Apple Insider's Hoax E-Mail Triggers $4B Stock Scramble
Apple hasn't identified the prankster who circulated an e-mail at its headquarters saying that the iPhone and Leopard launches would be delayed. Nor has the identity of the person who leaked it been released. The tech blog that reported the fake news, Engadget.com, is on the hot seat for spreading the rumor that caused Apple shares to temporarily lose about $4 billion in value.
05/17/07 11:51 AM PT
Apple shares rebounded on Thursday after tumbling nearly 3 percent Wednesday under the weight of false rumors regarding product delays.
The precipitous drop began when technology news blog Engadget.com reported that Apple was planning to postpone the launch of both its much-anticipated iPhone and the next version of its Mac OS X operating system, Leopard.
Ryan Block, the post's author, initially cited an "authority" as a source providing news of the supposed delays. The information was soon discovered to be bogus -- but not soon enough to prevent some major financial ramifications.
The loss attributed to the post was estimated at approximately US$4 billion.
"This one doesn't bode well for Mac fans and the iPhone-hopeful: We have it on authority that as of today, the iPhone launch is being pushed back from June to ... October (!), and Leopard is again seeing a delay, this time being pushed all the way back to January," Block wrote.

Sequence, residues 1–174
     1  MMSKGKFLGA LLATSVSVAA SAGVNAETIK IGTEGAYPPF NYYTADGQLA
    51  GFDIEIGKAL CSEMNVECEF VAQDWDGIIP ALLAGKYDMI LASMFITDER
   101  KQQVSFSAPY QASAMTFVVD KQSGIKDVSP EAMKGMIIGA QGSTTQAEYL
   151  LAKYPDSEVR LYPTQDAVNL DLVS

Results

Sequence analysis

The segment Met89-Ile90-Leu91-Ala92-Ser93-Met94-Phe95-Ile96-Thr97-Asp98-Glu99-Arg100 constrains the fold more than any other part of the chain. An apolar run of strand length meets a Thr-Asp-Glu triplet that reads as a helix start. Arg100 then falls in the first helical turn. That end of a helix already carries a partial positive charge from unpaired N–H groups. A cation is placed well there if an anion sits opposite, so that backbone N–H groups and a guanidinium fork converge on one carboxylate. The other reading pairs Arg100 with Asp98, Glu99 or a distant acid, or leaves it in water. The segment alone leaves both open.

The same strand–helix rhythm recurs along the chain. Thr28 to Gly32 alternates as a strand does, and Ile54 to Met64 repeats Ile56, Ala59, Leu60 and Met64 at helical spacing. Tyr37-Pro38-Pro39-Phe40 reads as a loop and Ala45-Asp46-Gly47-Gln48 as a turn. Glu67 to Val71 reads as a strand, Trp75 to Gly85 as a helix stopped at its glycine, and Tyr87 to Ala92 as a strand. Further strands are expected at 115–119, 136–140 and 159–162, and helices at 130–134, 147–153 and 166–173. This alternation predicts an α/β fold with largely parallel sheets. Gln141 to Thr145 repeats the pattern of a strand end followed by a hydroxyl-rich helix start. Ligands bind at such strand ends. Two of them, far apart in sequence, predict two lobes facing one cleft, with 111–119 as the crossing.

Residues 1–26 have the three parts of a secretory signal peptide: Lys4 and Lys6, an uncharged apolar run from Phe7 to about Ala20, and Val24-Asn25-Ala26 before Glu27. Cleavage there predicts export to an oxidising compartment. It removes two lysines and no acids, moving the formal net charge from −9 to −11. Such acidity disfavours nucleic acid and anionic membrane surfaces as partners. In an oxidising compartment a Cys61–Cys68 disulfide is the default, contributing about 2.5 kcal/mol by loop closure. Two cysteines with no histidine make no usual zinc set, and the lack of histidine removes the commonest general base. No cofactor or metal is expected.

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The Cupertino, Calif.-based company's stock almost immediately plunged nearly 3 percent to $104 as investors voiced concerns over the possibility of another round of delays for the OS, as well as worries over moving the iPhone debut past its scheduled late June date.
However, Apple released a statement refuting the rumors, insisting the product launches were still on schedule.
"Apple is new to the mobile and wireless market, so it's not unreasonable to believe that the iPhone might be delayed," Zippy Aima, an analyst with Frost & Sullivan, told MacNewsWorld. Its first jump into the space might be slowed by regulatory compliance and "trying to ensure the product meets relevant standards."
A Leopard delay could be more significant, Aima said, and that report was likely what caused the skittishness among investors.
It appears the "authority" cited in the blog was actually a fake memo circulated within Apple and then forwarded to Engadget.com.
The e-mail claimed the company was issuing a press release stating the iPhone had been pushed back to October, and Leopard would be delayed until January.
Apple conceded the phony e-mail came from within its headquarters but did not identify the culprit. It emphasized that the iPhone would arrive on schedule in June and that Leopard is on track for its planned October 1 release.
Although Apple has squelched the rumors, many investors aren't happy with Engadget over its role in spreading the hoax, which resulted in adverse effects on many portfolios.
Posts on Engadget.com and Apple's investor boards charged the blog of shoddy journalism, costing many investors a lot of money. Apple's stock has since regained the lost ground.